Dangereuse de l’Isle Bouchard – Mistress to William IX, Duke of Aquitaine

Dangereuse was born around 1079 into a noble family to parents Bartholomew de l’Isle Bouchard and his wife Gerberge in the centre of modern-day France. Unfortunately, due to the family not being extremely important and the events taking place so long ago, there is little detail on her early life. However, it seems her first name was actually Amauberge, and Dangereuse was a sobriquet that came later.

In 1109, she appeared on record, and it seems that some years before this, Dangereuse had married. Her husband was Aimery I, Viscount of Châtellerault, and he was a vassal to William IX, the Duke of Aquitaine. Dangereuse had five children with her husband; Hugh, Raoul, Amable, Aois, and Aénor.

Dangereuse, or Dangerosa as she is sometimes called, crossed paths with William IX, Duke of Aquitaine, a few years into her marriage. This was probably just an innocent meeting as the Duke was her husband’s overlord. However, Dangereuse had a reputation for not caring at all what people thought of her, and William was rather popular with women as he was a troubadour (a lyrical poet) as well as a Duke, so maybe the pair were drawn to each other during this initial meeting.

In around 1115, we begin to hear that William had kidnapped a woman called Amauberg, the wife of one of his vassals. He is said to have taken Amauberg by force to La Maubergeonne castle, which was in Poitiers, where he forced her to stay and become his mistress. Due to the name of the tower that she lived in, people called her La Maubergeonne. This sort of kidnapping was common during the medieval period, and many women suffered greatly after being kidnapped and forced into marriages. However, it is widely recorded that Amauberg was actually part of this plan all along. It seems that her husband Aimery was too afraid of the Duke to fight back, and so Amauberg and William became a long-term couple, and she began to be known as Dangereuse.

William, however, had a wife, Phillipa of Toulouse, who returned from time in her homeland to discover her husband had moved Dangereuse into their palace. Phillipa was outraged and tried her best to gather support from courtiers to have the woman removed, but nobody would back her as they had to stay loyal to their lord. A Papal legate even pleaded with William to separate from Dangereuse, but William simply mocked the legate, and Phillipa had to leave her home to live in Fontevrault Abbey, where she died in 1118.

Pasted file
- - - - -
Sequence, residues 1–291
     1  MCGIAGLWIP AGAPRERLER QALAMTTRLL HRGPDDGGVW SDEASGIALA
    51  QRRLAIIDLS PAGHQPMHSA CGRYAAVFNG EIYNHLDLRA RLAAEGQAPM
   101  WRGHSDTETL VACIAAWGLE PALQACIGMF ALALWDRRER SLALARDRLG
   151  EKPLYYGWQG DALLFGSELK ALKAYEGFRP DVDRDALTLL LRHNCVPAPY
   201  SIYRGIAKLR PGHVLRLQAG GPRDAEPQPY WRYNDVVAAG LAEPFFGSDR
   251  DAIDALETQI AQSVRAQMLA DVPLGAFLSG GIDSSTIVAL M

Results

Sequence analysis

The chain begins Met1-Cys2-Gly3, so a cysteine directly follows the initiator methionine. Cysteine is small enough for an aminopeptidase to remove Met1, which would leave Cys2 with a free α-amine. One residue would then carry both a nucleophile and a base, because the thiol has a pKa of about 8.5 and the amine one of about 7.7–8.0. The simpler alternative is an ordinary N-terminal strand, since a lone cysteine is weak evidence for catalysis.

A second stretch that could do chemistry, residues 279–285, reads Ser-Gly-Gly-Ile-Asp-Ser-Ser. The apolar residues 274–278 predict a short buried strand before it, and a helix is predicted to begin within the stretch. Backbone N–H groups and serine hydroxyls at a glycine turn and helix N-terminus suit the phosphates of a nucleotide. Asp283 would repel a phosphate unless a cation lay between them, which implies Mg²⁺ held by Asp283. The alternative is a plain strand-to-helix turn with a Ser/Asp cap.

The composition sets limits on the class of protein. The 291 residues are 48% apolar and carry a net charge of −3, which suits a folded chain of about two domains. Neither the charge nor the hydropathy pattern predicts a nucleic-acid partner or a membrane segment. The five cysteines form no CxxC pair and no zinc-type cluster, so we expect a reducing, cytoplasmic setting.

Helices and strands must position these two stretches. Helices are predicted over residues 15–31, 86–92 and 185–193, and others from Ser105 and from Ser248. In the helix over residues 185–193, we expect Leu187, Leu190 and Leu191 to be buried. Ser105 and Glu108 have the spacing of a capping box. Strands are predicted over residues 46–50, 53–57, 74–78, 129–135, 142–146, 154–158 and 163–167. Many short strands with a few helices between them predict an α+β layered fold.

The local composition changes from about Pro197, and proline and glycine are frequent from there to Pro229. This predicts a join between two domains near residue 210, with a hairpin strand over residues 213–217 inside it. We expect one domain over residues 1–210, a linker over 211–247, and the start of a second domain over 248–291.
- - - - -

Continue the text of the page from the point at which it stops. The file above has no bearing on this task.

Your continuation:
After the death of Phillipa, Ermengarde of Anjou visited William’s court. She was his first wife, but their marriage fell apart after three years passed without any children being born to the couple. Strangely, Ermengarde and Phillipa had grown close as friends, and now with Phillipa dead, Ermengarde wished to take revenge on William for mistreating her. William ignored Ermengarde’s pleas that he remove Dangereuse from his home and restore her instead, so Ermengarde took her complaints to the pope. Pope Calixtus II heard Ermengarde’s woes at the council of Reims, and it seemed that he agreed that William should be excommunicated from the church in 1119. However, it looks like he never actually went through with this, as by 1120, William was fully readmitted into the church.

It seemed that nothing could stop Dangereuse and William from doing whatever they wished, and over the years, they had three children together called Henri, Adelaide and Sybille. William also had legitimate children with his wife Phillipa, and the relationship with Dangereuse greatly damaged the bond with his oldest son, also called William.

In order to heal the relationship with his son, Duke William arranged for his son to marry Dangereuse’s daughter from her marriage to Aimery. It is not clear why this decision was made, but supposedly this would force William to accept Dangereuse and would also be a great match for Dangereuse’s daughter as it was greatly above her rank.

In 1121, Aénor de Châtellerault, Dangereuse’s daughter, married William, Duke William’s son. The couple had three children together: Eleanor, Petronilla and William, though William died in childhood.

In 1127, William IX died, and his son became William X, Duke of Aquitaine. Nothing more was heard of his seductive mistress Dangereuse after this other than the date of her death in 1151.

The relationship between William IX and his mistress Dangereuse left its mark on history as their granddaughter (Duke William X’s daughter) became the heir to Aquitaine. She is remembered widely as Eleanor of Aquitaine, one of medieval Europe’s most powerful women. She was married to King Louis VII of France and later King Henry II England; her children went on to rule over much of Europe.

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